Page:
Richard G. Stock, MD

Richard G. Stock, MD

Icahn School of Medicine at Mount Sinai

New York, New York

Richard G. Stock, MD, is a Professor of Radiation Oncology and Director of Genitourinary Radiation Oncology at the Icahn School of Medicine at Mount Sinai in New York City. He has dedicated his career to delivering the highest quality care to patients using the most advanced technology available, including intensity modulated radiation therapy (IMRT), Novalis Shaped Beam Radiosurgery, real-time ultrasound guided prostate seed implants, and MammoSite, all of which allow him to meticulously target tumors while achieving maximal sparing of normal tissues. Dr. Stock has served on the board of American College of Radiology Testing and the American Brachytherapy Society, where he is member at large, and as guest editor of a special Brachytherapy issue of Techniques in Urology. He has lectured and presented at dozens of meetings and symposiums across the country and internationally, including in New York, San Francisco, Chicago, Philadelphia, Boston, Spain, Holland, France, and Japan. Dr. Stock completed his internship at Beth Israel Medical Center and his specialty training at Memorial Sloan-Kettering Cancer Center. He is listed in America's Top Doctors.

Disclosures:

Articles by Richard G. Stock, MD

Does Anatomic Rectal Displacement Improve Dosimetry and Reduce Injury?

Richard G. Stock, MD, Professor of Radiation Oncology and Director of Genitourinary Radiation Oncology at the Icahn School of Medicine at Mount Sinai in New York City, reviews the literature on rectal displacement to prevent damage to the rectum from prostate brachytherapy and external beam radiation therapy (EBRT). First, he summarizes the findings of numerous papers from the past 20 years that have identified a relationship between the dose and volume of radiation and damage to the rectum such as bleeding and mucosal changes. The more radiation reaches the rectum, and the greater the surface area of the rectum affected, the more likely patients will experience adverse effects, including greater levels of morbidity. Dr. Stock then considers how the rectum can be spared, focusing on the evidence around rectal spacers such as endorectal balloons and hydrogel spacers such as SpaceOAR. He explains that numerous studies demonstrate that by inserting a physical barrier between the rectum and the prostate, the rectum is kept separate from the radiation and therefore receives a lower rate of toxicity. Dr. Stock notes that patients experience more rectal discomfort with spacers like SpaceOAR than without, but suggests that the reduction of significant issues such as bleeding outweigh the downsides. He concludes by discussing a recent study of his which found that SpaceOAR can be inserted before brachytherapy and EBRT.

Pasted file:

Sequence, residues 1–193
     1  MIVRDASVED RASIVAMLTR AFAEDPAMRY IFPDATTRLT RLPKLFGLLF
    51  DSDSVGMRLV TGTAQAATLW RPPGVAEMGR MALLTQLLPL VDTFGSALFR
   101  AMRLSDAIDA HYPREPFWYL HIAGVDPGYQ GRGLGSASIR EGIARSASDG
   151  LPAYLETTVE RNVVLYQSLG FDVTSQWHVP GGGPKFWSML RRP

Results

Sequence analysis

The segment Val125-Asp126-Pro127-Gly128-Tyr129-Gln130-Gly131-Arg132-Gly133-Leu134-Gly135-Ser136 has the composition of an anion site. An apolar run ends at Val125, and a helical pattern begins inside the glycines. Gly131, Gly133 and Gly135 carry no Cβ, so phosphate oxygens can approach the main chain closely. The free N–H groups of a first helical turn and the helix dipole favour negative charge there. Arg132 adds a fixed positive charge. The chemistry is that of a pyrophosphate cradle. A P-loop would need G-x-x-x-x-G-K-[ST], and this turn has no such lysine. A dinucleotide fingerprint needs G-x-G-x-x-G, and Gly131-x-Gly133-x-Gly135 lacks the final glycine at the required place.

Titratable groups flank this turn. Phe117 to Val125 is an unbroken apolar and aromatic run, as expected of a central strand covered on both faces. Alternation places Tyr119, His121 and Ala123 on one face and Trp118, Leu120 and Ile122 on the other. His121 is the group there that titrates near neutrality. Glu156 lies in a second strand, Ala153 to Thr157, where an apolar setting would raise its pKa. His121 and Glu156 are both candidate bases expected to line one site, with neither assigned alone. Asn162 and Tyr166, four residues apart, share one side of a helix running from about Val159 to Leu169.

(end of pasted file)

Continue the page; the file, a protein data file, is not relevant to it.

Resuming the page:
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Brachytherapy and Focal Therapy Outcomes

Richard G. Stock, MD, Professor of Radiation Oncology and Director of Genitourinary Radiation Oncology at the Icahn School of Medicine at Mount Sinai in New York City, discusses focal therapy and brachytherapy. He outlines the rationale for focal therapy, reviews patient selection, and provides an extensive evaluation of the supporting evidence. For the small percentage of patients that may not have bilateral, multifocal disease, partial gland treatment can reduce morbidity and leave open future partial gland treatment options, should they become necessary. In general, patients in most studies examining focal therapy have unilateral disease, an MRI detectable lesion, Gleason score of <=7, and PSA <= 10ng/ml. Dr. Stock considers the types of focal therapy such as cryotherapy, high-intensity focused ultrasound (HIFU), and brachytherapy, highlighting the importance of treating the margin surrounding the tumor in any focal therapy. He then describes focal low dose rate brachytherapy and provides recommendations including a preplan and real-time ultrasound to ensure accuracy and minimize side effects. Lastly, Dr. Stock reviews data analyzing changes in morbidity, erectile function, and quality of life in whole gland and hemigland treatment plans.

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Long-Term Outcomes of Permanent Brachytherapy

Richard G. Stock, MD, compares long-term overall survival and morbidity outcomes of brachytherapy alone versus a brachytherapy/ external beam combination in intermediate and high risk prostate cancer. He also discusses factors that could affect those outcomes, such as the patient’s intermediate-risk features, duration of androgen deprivation therapy (ADT), and technique of seed implantation.

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